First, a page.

Now every time you missed a brushing, you were reminded of it by the film buildup on your teeth (Cue). When you finished brushing your teeth (Routine), the reward centers of your brain would light up with the tingle from the irritants and the “clean feeling” from the loss of the film (Reward). With a few repetitions, Hopkins would have you hooked on brushing with the power of habit. Just like a cigarette. Except it won’t kill you. And it will keep your teeth in your head longer.
Nearly every tube of toothpaste on the market now has at least one irritant as an ingredient. Hopkins got us hooked.
Here’s the diagram Duhigg created to visualize the habit formation process:
With a few repetitions, Hopkins would have you hooked on brushing with the power of habit. Just like a cigarette.
With this simple habit loop of cue, routine, reward, Hopkins and Pepsodent transformed America’s teeth brushing. It’s part of our culture now. Most people can’t imagine going to bed without brushing their teeth first. We instill the habit in our children as soon as the first tooth erupts from the gumline. Baby teeth that are going to fall out in a few years anyway. We believe the habit is that important.
Unfortunately, flossing has the deck stacked against it in terms of habit formation.
First, there is there is no immediate reward for doing it. Your tongue can’t feel the benefits of flossing since it cleans areas your tongue can’t reach. Floss every day for a year, and your teeth will look exactly the same. You won’t see bulging teeth muscles growing. It won’t make you more attractive. It won’t give you more energy. It won’t make you more money. If you don’t do it, a lot of negative things will happen. Eventually. Years down the road. That’s Future Me’s problem, he’ll figure it out by then.
Second, there is an immediate punishment. Flossing is not a particularly pleasant process. Most likely, your gums will bleed if you haven’t flossed in a while. When you do something and blood starts to spurt out, it’s usually a sign to stop what you’re doing. That’s your brain trying to protect you. A negative habit forms. Bleeding is bad. If I don’t floss my gums won’t bleed.
Finally, you have to put your fingers inside your mouth to do it. You’ve been conditioned from an early age that this is inappropriate social behavior. Your hands are dirty – don’t put them in your mouth. On some level, this existing habit is fighting against you as well.
As I’ve discussed above, the only way to something effortlessly every day is to turn it into a habit. But you can’t create a habit loop without a reward. If Proctor and Gamble’s billions of dollars can’t find a way to make dental floss habit forming, chances are you won’t either.
How do you form a habit without an immediate reward? You don’t. It’s not going to work. Or at least not very effectively.
Changing habits without an immediate reward is really hard. Losing weight doesn’t have an immediate reward. Neither does eating healthfully. Or saving money. Or waking up on time. Or not smoking. Every major life change we attempt needs a habit associated with it it so we can do it without having to fall back on willpower.
If you have to rely on willpower, you are going to fail. The science is against you my friend. Willpower is a limited resource. It gets depleted. When it is depleted, our best intentions don’t matter. We will eat that pint of ice cream. Smoke that cigarette. Skip the gym. Buy something not in the budget. It happens to everyone.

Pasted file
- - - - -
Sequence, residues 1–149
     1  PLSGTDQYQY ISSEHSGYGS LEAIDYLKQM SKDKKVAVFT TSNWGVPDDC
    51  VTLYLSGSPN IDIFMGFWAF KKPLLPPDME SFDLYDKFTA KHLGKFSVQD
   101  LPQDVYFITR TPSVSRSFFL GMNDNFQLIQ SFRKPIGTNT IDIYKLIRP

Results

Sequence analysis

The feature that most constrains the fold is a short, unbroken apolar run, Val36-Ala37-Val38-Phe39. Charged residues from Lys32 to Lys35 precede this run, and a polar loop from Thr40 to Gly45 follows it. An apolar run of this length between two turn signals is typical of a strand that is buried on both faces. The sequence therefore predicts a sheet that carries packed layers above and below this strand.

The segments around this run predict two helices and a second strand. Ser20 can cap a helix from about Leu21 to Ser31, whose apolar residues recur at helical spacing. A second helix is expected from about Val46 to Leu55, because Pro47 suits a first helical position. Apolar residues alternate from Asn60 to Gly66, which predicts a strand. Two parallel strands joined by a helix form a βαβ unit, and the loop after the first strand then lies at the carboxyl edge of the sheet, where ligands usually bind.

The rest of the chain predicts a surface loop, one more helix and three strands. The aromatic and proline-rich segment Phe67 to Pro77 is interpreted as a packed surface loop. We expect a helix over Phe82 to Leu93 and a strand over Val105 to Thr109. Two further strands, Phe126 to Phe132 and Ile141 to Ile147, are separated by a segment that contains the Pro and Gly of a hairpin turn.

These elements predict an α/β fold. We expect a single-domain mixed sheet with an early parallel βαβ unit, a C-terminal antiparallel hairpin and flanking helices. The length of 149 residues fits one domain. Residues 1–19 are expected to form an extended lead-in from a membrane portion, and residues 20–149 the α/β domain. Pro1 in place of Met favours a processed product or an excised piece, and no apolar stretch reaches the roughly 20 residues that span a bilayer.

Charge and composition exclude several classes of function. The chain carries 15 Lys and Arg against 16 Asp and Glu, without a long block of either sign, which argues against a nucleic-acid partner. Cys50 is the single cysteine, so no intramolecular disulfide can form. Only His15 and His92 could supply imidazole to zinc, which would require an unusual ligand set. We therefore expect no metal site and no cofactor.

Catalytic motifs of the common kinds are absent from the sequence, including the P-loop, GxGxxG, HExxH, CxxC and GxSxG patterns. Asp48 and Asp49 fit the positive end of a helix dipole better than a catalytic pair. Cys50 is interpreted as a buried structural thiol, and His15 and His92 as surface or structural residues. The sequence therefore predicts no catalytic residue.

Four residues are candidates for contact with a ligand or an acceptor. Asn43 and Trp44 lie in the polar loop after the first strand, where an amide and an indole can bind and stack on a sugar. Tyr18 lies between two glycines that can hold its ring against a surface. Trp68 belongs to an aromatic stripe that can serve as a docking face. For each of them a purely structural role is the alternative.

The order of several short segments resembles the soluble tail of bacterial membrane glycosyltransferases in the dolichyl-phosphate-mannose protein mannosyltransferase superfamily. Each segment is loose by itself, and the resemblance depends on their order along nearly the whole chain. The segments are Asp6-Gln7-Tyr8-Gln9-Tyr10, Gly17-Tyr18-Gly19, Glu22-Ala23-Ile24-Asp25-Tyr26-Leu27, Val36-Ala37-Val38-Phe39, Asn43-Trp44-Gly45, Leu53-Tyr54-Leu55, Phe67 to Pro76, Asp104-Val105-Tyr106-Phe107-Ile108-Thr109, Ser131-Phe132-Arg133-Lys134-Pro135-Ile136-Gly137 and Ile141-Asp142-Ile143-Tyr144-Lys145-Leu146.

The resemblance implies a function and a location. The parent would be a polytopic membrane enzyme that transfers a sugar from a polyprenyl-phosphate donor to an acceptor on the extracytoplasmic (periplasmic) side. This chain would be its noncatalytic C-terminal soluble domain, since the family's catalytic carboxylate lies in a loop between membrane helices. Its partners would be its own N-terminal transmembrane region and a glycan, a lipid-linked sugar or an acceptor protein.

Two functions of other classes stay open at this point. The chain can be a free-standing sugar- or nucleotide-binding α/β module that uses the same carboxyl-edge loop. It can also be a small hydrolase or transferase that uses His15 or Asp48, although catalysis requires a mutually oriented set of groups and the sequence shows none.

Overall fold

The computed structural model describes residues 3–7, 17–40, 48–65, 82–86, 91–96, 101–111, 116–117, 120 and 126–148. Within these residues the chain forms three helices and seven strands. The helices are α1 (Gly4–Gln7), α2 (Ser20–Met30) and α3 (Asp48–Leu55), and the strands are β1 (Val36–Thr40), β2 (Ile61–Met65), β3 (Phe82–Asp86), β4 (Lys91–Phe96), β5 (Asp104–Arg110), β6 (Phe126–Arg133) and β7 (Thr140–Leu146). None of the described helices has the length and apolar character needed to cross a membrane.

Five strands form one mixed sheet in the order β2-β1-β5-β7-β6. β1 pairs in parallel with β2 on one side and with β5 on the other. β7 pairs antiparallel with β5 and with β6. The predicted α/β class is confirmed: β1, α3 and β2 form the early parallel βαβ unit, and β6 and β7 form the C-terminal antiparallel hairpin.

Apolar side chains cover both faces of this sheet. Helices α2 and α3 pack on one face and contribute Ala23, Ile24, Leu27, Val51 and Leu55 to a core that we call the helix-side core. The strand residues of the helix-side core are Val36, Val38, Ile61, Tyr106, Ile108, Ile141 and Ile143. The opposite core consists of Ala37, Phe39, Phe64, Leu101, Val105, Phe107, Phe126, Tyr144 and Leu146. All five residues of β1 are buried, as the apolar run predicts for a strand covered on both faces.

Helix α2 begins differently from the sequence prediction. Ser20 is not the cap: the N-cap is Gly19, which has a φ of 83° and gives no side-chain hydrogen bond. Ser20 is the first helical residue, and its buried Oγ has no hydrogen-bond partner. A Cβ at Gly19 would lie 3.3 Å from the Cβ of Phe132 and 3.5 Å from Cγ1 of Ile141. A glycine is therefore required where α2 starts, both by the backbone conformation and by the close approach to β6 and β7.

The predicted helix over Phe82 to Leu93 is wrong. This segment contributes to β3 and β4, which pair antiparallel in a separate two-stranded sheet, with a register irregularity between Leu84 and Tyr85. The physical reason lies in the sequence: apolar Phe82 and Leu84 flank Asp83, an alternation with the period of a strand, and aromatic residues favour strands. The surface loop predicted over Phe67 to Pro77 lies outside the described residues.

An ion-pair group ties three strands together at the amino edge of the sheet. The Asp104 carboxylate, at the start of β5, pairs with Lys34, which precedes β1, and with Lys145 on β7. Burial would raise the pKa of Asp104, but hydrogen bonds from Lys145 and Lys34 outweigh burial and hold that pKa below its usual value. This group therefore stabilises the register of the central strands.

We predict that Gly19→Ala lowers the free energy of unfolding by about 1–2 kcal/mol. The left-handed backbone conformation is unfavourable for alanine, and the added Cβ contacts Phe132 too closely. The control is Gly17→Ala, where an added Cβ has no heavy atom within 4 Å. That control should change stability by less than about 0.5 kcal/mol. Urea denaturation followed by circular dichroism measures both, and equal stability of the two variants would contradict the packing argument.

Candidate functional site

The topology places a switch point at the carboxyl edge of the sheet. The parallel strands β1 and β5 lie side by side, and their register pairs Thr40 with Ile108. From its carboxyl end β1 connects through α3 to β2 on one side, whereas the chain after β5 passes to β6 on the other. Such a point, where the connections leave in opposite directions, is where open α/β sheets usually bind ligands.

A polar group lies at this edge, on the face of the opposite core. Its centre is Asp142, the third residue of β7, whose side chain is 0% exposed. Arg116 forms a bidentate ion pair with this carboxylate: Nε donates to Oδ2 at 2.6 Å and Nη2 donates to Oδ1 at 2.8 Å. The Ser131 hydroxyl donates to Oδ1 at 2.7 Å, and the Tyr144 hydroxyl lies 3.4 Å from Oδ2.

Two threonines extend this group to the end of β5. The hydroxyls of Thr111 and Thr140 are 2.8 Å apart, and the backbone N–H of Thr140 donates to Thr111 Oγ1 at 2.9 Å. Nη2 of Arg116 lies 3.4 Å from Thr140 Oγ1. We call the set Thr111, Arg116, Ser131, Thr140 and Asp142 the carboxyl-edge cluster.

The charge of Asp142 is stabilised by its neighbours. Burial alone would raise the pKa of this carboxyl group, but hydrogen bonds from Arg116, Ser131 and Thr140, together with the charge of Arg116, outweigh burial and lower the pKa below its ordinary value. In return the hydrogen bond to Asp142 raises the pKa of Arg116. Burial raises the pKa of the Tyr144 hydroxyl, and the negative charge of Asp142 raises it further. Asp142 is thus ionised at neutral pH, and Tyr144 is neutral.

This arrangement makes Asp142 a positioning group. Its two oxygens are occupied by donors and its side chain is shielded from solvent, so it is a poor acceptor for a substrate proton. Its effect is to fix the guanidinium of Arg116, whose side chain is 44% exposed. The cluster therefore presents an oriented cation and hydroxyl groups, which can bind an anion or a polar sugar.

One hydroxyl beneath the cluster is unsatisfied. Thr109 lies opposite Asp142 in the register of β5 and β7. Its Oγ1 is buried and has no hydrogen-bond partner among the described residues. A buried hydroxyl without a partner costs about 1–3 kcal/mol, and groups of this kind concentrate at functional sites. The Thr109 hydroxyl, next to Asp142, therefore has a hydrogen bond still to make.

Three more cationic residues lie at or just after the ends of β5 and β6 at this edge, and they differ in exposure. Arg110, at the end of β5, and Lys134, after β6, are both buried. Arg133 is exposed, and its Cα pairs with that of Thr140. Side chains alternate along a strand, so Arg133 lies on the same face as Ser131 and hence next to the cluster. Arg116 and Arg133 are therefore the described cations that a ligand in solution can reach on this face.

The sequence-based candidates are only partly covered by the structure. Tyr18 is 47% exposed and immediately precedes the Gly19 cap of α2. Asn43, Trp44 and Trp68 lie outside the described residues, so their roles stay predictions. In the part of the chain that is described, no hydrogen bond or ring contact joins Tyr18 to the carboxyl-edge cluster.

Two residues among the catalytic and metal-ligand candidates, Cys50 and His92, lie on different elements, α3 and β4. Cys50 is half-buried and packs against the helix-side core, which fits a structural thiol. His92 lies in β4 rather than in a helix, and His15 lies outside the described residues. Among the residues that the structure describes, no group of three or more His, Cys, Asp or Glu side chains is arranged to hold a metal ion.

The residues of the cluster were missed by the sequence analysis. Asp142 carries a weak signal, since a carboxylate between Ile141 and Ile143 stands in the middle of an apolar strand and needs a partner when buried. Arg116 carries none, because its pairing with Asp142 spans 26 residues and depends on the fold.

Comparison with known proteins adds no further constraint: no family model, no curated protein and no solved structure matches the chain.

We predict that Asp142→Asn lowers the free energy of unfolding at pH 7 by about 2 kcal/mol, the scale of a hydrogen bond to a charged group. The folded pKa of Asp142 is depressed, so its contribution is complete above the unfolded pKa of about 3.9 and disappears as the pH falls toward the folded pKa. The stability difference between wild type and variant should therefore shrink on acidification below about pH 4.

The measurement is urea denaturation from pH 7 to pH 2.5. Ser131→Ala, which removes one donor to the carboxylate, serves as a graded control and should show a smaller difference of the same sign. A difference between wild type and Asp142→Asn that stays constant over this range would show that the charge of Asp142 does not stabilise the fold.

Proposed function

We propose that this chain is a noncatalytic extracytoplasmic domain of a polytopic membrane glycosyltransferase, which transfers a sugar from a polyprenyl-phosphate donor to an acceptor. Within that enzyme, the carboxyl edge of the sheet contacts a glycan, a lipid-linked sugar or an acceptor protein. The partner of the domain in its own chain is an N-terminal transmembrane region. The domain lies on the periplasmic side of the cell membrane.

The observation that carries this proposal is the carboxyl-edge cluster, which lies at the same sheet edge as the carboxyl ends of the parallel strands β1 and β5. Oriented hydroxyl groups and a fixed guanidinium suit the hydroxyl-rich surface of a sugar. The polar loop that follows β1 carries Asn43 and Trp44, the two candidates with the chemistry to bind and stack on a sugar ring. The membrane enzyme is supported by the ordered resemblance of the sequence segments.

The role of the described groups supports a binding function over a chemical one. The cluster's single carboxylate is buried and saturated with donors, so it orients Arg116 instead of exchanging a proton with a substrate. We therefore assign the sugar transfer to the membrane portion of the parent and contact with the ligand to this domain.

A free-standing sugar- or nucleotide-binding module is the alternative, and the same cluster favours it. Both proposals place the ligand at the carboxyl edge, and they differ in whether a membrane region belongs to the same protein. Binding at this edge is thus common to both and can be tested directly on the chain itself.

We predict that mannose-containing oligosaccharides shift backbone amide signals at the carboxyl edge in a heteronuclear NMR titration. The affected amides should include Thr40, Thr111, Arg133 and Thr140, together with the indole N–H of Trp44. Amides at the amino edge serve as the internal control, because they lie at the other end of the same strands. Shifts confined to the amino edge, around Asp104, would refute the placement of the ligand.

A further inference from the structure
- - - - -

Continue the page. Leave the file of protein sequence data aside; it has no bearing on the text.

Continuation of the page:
If you have to rely on willpower to do something, you are going to fail.
This is the real, scientific reason why you aren’t flossing every day. It’s not your fault. Flossing will never have an immediate reward attached to it. Your brain is going to revolt every time you do it.
Here is the big secret. Are you ready for it?
The most effective way to form a habit with no immediate reward is to hijack an existing strong habit.
This is what researchers call habit stacking. You piggyback on your brain’s reward centers for an existing habit that you have down cold. When you do an activity following an strong habit in sequence, the rewards from the first habit begin to spill into the second. Over time, the immediate reward from the first habit will strongly reinforce the second as well.
In addition, the human brain loves lists. Specifically crossing items off of lists. Your brain releases a little shot of dopamine every time you cross something off of a to-do list. Just like it releases a (much bigger) shot of dopamine if you snort cocaine. The list item doesn’t even have to be written down. Finish a small task on your mental checklist of things to do, get a reward. Completing something feels good. It’s in your DNA.
You have some sort of morning routine that involves brushing your teeth. There is a high likelihood that you do something immediately after or before that is also on autopilot. For me, it is putting on deodorant. If you live in the US, chances are you put on deodorant every morning. Probably around the same time you brush your teeth. Or maybe it is taking a shower. Or combing your hair.
So how did I go from flossing once every few weeks to every morning without fail? I just wedged it in between brushing my teeth and putting on deodorant. Two existing, extremely powerful habits that I do every single day. Even if I’m rushed or on vacation, there is basically a 0% chance that I won’t do both of these things every morning, in the exact same order that I’ve done for decades.
Do you feel let down yet? Does this seem extremely anti-climactic? Sorry. This is the best advice that science has to offer. Let’s get into the details a bit since you’ve come with me this far.
The Scientific Steps to Build a Permanent Daily Flossing Habit
- Buy at least two rolls of dental floss. Running out before you finish building the habit will wreck the process.